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Start-Ups And Technology Firms Find Value In MBA Hires

Driven by a legion of talent-scouting start-ups, business schools report increases in recruiting activity both on and off campus, led by technology companies.

Mon Jul 21 2014

Small and medium-sized enterprises (SMEs) are hiring MBA students in droves, according to a new survey released last week. Driven by a legion of talent-scouting start-ups, business schools reported increases in recruiting activity across the board.

The report by the MBA Career Services & Employer Alliance, an association of business school career-management offices and companies, found that 55% of business schools saw an increase in on-campus recruiting this year, up from 48% a year earlier.

Some 70% also saw increases in off-campus MBA job postings. Only 9% reported a decrease.

Nearly 80% of respondents were North American universities.

The findings underscore a US jobs market which is in rude health. Few business schools reported a decrease in recruitment, while some remained flat.

Start-ups led the recruitment drive and are now showing a willingness to hire MBAs directly from campus. Some 53% of schools said they saw an increase in start-up companies recruiting, while only 33% of schools saw an increase in the number of companies with 500 or more employees recruiting.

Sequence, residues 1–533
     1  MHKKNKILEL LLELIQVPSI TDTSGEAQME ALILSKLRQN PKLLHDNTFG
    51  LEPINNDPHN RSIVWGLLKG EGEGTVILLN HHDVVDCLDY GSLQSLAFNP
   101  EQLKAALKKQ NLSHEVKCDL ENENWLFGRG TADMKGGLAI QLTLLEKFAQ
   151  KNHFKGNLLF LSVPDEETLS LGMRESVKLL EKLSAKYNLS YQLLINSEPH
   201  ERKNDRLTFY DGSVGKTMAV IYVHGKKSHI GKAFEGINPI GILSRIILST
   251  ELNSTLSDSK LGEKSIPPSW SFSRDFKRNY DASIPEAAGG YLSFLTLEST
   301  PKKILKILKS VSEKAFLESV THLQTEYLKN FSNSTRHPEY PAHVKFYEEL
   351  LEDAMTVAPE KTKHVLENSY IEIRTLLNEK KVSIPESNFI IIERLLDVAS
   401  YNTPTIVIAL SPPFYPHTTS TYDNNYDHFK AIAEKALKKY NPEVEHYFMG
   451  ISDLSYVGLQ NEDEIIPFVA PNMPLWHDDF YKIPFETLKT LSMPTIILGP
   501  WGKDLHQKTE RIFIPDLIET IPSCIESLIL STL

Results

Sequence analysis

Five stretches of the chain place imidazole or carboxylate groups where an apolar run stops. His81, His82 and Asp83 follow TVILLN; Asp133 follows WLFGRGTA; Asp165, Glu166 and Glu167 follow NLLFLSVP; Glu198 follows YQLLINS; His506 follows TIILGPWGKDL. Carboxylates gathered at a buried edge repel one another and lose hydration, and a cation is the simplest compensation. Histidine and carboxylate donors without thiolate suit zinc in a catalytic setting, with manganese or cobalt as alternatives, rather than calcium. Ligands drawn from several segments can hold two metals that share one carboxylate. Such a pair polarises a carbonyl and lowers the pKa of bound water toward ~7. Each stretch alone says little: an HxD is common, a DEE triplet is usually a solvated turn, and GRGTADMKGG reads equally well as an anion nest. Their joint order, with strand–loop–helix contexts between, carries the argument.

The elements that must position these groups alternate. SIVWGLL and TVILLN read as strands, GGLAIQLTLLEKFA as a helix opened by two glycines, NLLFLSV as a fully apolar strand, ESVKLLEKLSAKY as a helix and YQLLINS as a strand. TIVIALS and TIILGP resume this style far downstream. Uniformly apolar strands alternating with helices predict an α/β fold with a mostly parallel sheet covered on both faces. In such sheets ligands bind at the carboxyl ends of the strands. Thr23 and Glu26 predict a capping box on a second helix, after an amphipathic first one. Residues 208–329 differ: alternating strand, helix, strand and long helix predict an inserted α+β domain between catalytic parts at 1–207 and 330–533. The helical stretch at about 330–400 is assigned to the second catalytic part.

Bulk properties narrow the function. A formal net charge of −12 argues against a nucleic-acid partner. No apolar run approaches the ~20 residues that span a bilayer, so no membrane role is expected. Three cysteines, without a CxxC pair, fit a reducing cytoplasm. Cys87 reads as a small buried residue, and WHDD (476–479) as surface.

A high of 39% of schools reported increases from small firms with less than 100 employees, and 41% reported increases from mid-sized companies.

The technology sector also has an increased appetite for the MBA hire. About 65% of schools said they saw increases from tech companies, the largest increase among all industries.

There is further demand from the sector. About 68% of schools reported increases in internships from tech firms, also the biggest jump of all industries.

More than 70% of schools reported increases in recruiting activity for internship opportunities across all sectors, compared with a year earlier.

Financial services firms are also crawling back to campus. Last year saw a huge drop in finance recruiting, and 21% of schools reported a fall in the same study. This year is slightly better: about 9% of schools reported a fall.

About 44% saw an increase, however, up from around 27% last year.

The findings compound fears that European campus recruiting has fallen behind the US, where careers fairs and campus offices are a preferred method of finding new hires.

Nearly 30% of schools surveyed said they saw an increase in careers fairs, while 58% of respondents experienced increased on-campus internship recruiting this year compared to the same time last year.

And in a survey released earlier this year, GMAC said US companies cited on-campus recruitment as their most effective recruiting tactic.

Alumni networks, however, have proved to be the most powerful. Alumni-initiated hiring jumped 54%, according to last week’s survey.  

Reasons for strong employment cited by the schools included: career “treks” to desired geographies; working with student clubs; enhanced one-on-one coaching; and alumni panels.

The survey collated data from 80 business schools between June 2 – 20, 2014.

A majority of 79% were from the US, and 79% said they were ranked among the top-50 full-time MBA programs in the world.